Do Farmers Harvest 24-7?

This is a question I’ve been asked on several occasions: during harvest, are we running 24 hours a day, 7 days a week to get the crop in the bin? The answer to that is unequivocally no.

While harvest is an extremely busy and stressful time of the year, and getting the crop off as quickly as possible is our primary goal, there are limits to what we can do. There are actually a number of reasons why we cannot harvest all day and night.

  1. Weather conditions – Essentially, combines thresh and separate grain from straw. That’s pretty much the long and short of it. The header collects the crop in front of the combine, and it is pulled inside, where it is smashed against steel concaves that allow grain to fall through. To be able to do this, the crop cannot be wet; how would you break it apart if it isn’t dry? As the sun falls beyond the horizon, humidity goes up and temperatures usually go down. As this happens, the crop becomes “tough” and simply will not go through the combine. As the evening wears on, the straw usually becomes more and more difficult to process, until combining becomes all but impossible. Now, this doesn’t always happen, as a windy, dry night does pop up now and then, and you could actually go right through the night. So what do we do in those situations?dsc_0392
  2. Human limits – We all need sleep. There is no getting around that fact. No matter how hard you push yourself; no matter how determined you are to stay awake all night; if your body decides you need to sleep, you’re done. It’s as simple as that. You may run late a night or two and battle through with 3 or 4 hours of sleep, but that will catch up to you in a hurry. And besides, it’s not just you out there.
  3. Employee needs – Just like us, our employees need sleep too. They didn’t sign up to go a month without sleep! It’s one thing to have a tired manager; it’s another to have a tired crew. And that leads to…
  4. Safety – When you’re tired, your brain just doesn’t function the way it should. You think slower, you react slower, and you don’t notice things you should. Sure, you can run on limited sleep for awhile… but what’s the risk? Harvest involves a lot of heavy, dangerous equipment in the field and semi trucks on busy roads. Pushing too hard doesn’t just risk your life – it can impact the lives of many others.

No matter how much you want to, harvesting all day and night simply cannot (and should not) be done. It’s dangerous, it’s very hard on equipment, and all it takes is one mistake to ruin a life (or many lives) forever. Harvest is a long, busy and stressful operation, but overdoing the hours does more harm than good.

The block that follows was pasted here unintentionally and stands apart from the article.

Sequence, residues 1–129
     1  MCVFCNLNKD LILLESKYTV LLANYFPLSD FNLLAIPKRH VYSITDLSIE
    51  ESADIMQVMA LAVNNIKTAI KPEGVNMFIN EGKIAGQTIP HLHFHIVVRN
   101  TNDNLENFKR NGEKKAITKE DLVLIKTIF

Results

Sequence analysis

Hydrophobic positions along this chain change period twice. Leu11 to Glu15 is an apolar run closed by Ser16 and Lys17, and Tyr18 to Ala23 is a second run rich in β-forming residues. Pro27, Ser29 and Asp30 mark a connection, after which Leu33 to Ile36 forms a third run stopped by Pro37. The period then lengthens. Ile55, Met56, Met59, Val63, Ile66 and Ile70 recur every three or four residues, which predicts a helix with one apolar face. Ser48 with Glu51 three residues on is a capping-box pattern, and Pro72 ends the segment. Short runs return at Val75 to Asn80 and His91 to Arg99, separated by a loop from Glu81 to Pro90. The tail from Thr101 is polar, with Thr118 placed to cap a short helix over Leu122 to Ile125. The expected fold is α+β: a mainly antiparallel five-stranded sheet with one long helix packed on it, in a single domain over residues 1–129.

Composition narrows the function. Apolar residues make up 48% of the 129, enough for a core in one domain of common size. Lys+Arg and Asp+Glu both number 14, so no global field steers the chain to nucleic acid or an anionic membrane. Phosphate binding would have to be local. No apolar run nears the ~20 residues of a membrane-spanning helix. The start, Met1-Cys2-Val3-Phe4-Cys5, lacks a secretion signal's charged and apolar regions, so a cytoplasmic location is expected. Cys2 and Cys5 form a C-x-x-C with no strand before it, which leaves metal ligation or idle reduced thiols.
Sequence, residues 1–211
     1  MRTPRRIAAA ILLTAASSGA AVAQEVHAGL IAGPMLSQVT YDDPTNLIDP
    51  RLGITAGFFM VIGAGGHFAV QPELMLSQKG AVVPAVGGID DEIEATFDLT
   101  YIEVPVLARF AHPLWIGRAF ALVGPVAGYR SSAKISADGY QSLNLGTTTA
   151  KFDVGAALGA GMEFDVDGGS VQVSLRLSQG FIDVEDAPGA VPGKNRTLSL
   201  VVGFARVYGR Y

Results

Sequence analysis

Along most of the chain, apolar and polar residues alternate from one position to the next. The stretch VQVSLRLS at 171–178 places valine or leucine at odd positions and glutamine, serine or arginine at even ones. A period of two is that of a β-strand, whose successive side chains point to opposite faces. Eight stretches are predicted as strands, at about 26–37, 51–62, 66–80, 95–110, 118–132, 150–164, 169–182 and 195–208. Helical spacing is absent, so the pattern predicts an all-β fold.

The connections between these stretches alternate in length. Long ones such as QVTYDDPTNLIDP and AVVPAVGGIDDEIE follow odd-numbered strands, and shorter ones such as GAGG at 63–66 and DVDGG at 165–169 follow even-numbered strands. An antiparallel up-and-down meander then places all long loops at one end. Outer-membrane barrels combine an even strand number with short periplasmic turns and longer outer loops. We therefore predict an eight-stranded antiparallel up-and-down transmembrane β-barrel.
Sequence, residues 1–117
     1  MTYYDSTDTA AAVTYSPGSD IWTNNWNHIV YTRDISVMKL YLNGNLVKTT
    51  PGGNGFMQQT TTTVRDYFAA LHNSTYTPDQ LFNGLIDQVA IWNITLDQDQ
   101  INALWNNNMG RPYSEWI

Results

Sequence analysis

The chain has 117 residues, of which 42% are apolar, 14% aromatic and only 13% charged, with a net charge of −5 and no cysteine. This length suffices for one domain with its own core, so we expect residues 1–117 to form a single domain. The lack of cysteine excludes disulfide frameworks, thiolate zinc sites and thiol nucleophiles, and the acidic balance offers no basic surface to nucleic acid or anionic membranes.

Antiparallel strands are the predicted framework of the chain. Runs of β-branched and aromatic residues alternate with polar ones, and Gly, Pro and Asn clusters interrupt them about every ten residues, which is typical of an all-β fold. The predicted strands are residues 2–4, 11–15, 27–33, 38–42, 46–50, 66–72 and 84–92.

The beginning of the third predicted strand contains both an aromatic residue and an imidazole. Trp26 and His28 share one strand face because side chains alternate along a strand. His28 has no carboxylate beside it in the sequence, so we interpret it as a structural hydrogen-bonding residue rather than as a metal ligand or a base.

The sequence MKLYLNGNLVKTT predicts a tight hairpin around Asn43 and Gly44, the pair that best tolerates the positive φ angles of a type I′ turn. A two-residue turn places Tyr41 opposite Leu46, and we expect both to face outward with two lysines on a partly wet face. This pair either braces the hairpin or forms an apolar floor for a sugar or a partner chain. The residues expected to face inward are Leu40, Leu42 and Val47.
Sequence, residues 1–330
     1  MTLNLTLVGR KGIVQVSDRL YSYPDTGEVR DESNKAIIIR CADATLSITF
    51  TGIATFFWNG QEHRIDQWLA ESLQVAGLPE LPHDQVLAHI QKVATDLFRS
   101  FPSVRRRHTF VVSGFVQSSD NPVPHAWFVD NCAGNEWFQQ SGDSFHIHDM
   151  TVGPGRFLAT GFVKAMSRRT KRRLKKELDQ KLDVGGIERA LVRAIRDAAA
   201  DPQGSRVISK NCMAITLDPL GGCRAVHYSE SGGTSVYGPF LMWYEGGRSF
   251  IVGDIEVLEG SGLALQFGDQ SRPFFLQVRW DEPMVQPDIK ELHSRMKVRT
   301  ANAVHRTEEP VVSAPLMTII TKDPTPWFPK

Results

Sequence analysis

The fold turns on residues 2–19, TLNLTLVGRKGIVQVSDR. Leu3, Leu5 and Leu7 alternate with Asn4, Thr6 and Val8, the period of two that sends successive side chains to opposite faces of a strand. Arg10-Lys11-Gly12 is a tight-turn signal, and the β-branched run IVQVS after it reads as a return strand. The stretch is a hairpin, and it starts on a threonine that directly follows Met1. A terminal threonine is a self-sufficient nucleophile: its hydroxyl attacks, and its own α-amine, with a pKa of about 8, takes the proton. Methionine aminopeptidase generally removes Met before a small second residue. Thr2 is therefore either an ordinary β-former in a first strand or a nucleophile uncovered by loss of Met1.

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Another Wet Harvest

There are few things more frustrating to a farmer than having a crop out in the field, ready to harvest, and not being able to go get it. At this point, all the inputs are in. All the dollars are spent. The equipment is ready, the bank account is empty, and it is time to harvest everything you have worked for for more than a year – but you just can’t get out there and get it done. That, my friends, is why farmers complain so much about the weather!

This was supposed to be a dry year. Winter was absent, spring came in March, and we started seeding in mid-April. All the forecasts I read had the Canadian Prairies in a drier bias this year, with the general gist being that whatever rain we got, we should be happy to see! That has not turned out to be the case, with some of our fields seeing substantial rainfall throughout the growing season, challenging the survival of some of our crops.

Despite the excessive rainfall, most of our crops fared well – just not our lentils. Lentils do not like wet feet, and persistent rainfall took a hefty toll on them this year. Unfortunately, mature lentils also don’t handle water well; severe losses can result from quality declines.

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Waiting for another shower to pass so I can finish pre-harvesting a field of lentils. Weeds, flooded out acres and variable staging make timing difficult.

We have now been harvesting for about 3 weeks, and it has been a struggle. The winter wheat came off fantastically well, with a nice dry stretch to harvest it and tremendous yields. It was when we started the peas that the metaphorical wheels fell off. It took us nearly two weeks to grind through a crop that should have been in the bin in five days. Shower after shower rolled through, plus a hurtful little shot of hail that peeled some yield off. Peas like to pod very low to the ground, and the ones that don’t pod low just tip over and lay the pods on the ground anyway. Suffice to say, you need the header on the ground. While combine headers today are marvels of engineering, even they struggle with mud.